Economic activity in the manufacturing sector grew in August, with the overall economy notching a 15th consecutive month of growth, say the nation's supply executives in the latest Manufacturing ISM Report On Business by the Institute for Supply Management.
The August Manufacturing PMI registered 59.9 percent, an increase of 0.4 percentage point from the July reading of 59.5 percent. A reading above 50 percent indicates that the manufacturing economy is generally expanding; below 50 percent indicates that it is generally contracting. A Manufacturing PMI above 43.1 percent, over a period of time, generally indicates an expansion of the overall economy.
"Business Survey Committee panelists reported that their companies and suppliers continue to struggle at unprecedented levels to meet increasing demand. All segments of the manufacturing economy are impacted by record-long raw-materials lead times, continued shortages of critical basic materials, rising commodities prices and difficulties in transporting products,” Timothy R. Fiore, chair of the ISM manufacturing business survey committee, said. “The new surges of COVID-19 are adding to pandemic-related issues—worker absenteeism, short-term shutdowns due to parts shortages, difficulties in filling open positions and overseas supply chain problems—that continue to limit manufacturing-growth potential.”
However, optimistic panel sentiment remained strong, with eight positive comments for every cautious comment.
What respondents are saying
"Strong sales continue, but production is limited due to supply issues with chips." [Transportation Equipment]
"Continue to be unable to hire hourly personnel or machine operators due to few applicants. Steel and aluminum remain in short supply. New business continues to grow and come in. Unable to handle influx of orders without staff, both hourly and salaried." [Fabricated Metal Products]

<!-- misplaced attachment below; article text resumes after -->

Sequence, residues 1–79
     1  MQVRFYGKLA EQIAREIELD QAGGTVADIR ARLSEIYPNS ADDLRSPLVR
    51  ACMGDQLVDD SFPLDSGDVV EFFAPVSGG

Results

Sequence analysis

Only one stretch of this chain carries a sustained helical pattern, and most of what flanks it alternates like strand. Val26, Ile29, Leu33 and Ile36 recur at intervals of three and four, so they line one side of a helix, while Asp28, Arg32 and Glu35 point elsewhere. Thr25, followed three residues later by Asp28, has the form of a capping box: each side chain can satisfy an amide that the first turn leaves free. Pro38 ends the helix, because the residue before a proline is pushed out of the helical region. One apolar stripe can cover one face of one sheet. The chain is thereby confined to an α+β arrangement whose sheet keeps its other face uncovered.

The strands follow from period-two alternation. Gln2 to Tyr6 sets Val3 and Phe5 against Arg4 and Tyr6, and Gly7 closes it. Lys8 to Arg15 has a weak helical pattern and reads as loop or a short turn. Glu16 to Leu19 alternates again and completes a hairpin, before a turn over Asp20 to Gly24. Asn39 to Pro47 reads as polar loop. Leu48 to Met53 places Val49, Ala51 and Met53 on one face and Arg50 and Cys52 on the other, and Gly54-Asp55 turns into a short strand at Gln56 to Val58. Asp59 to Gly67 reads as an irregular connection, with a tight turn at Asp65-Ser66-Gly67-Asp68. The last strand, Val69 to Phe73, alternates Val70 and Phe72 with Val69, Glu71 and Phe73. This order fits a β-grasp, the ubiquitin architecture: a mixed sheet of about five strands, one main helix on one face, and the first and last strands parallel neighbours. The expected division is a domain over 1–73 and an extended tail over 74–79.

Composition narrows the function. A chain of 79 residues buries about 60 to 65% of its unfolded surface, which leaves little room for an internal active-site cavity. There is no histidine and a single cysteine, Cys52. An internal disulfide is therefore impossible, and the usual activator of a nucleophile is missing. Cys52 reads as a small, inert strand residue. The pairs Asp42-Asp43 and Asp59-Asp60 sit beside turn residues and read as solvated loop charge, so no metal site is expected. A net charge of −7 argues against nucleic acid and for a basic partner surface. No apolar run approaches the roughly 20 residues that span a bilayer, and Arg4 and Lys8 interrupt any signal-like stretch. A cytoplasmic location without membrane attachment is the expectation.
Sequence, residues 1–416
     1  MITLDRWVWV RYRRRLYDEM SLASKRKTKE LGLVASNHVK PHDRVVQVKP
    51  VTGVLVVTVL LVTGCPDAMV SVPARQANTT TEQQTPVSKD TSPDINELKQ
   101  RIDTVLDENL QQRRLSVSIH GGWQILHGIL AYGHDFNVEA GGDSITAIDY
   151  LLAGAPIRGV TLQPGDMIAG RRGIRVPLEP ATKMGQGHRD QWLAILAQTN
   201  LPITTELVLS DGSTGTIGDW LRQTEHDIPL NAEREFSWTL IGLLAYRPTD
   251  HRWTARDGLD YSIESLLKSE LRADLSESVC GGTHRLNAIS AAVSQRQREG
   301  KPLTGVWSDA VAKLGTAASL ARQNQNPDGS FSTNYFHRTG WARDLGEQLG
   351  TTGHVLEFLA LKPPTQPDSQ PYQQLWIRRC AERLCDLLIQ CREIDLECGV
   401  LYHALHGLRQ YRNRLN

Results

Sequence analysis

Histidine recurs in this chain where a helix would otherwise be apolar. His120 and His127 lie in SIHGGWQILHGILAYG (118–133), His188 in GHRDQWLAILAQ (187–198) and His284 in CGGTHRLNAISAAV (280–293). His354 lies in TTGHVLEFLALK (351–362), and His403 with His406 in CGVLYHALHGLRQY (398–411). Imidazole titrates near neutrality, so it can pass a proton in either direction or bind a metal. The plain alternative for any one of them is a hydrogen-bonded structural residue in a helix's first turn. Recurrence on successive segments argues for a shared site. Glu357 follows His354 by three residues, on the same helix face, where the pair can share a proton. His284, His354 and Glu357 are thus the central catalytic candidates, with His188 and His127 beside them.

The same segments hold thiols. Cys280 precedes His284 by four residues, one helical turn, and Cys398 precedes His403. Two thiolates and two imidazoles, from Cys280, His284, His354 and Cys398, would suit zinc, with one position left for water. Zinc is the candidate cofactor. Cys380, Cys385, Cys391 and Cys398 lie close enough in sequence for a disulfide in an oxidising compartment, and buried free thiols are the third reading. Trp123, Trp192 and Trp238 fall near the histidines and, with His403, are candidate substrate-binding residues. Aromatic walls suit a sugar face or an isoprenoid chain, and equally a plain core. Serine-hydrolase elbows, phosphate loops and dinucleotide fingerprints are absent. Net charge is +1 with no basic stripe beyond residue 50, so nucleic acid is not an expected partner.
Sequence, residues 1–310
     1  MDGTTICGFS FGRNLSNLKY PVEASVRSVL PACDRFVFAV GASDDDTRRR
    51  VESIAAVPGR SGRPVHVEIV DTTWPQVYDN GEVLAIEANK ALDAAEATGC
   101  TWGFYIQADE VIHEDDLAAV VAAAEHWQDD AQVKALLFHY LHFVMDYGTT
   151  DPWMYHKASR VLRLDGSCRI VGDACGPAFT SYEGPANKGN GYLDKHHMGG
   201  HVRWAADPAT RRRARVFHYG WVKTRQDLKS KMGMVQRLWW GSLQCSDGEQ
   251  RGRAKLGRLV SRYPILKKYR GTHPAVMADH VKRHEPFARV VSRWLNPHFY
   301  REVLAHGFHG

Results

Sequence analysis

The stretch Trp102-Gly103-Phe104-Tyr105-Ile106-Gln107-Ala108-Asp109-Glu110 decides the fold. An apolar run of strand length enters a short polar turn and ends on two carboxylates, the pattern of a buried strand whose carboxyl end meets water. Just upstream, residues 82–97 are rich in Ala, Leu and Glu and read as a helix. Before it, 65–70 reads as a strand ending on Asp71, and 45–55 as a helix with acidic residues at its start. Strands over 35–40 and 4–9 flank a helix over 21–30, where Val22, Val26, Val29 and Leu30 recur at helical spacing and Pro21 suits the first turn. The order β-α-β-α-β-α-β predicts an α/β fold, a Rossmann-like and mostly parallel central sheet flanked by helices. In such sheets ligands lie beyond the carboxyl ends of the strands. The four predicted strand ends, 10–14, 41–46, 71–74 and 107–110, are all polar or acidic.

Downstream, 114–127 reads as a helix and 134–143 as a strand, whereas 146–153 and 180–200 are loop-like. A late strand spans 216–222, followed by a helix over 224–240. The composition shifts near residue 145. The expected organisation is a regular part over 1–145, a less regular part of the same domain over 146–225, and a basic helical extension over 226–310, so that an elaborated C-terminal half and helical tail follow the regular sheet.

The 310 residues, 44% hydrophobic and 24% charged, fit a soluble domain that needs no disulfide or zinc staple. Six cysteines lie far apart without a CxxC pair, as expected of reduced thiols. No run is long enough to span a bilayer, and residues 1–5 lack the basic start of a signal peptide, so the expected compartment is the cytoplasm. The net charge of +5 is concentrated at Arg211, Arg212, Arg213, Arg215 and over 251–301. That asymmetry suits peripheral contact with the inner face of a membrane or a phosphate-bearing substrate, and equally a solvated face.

"Customer order backlog continues to climb because we are unable to raise production rates due to supplier parts and manpower challenges. Continue to see price increases with key commodities, and logistics is an ongoing challenge that has no end in sight." [Machinery]
Broadly, demand expanded, with the New Orders Index growing, supported by continued expansion of the New Export Orders Index; Customers' Inventories Index remaining at very low levels; and Backlog of Orders Index staying at a very high level.
Consumption (measured by the Production and Employment indexes) declined in the period, with a combined 2.3-percentage point decrease to the Manufacturing PMI calculation. The Employment Index returned to contraction after one month of expansion; hiring difficulties at panelists' companies were the most significant hurdle to further output in August, as validated by the growth in inventory accounts.
Inputs—expressed as supplier deliveries, inventories, and imports—continued to support input-driven constraints to production expansion, at slower rates compared to July. The Supplier Deliveries Index softened while the Inventories Index made a strong move into expansion territory due to improvements in raw material deliveries as well as work in progress inventory being held longer due to key part shortages.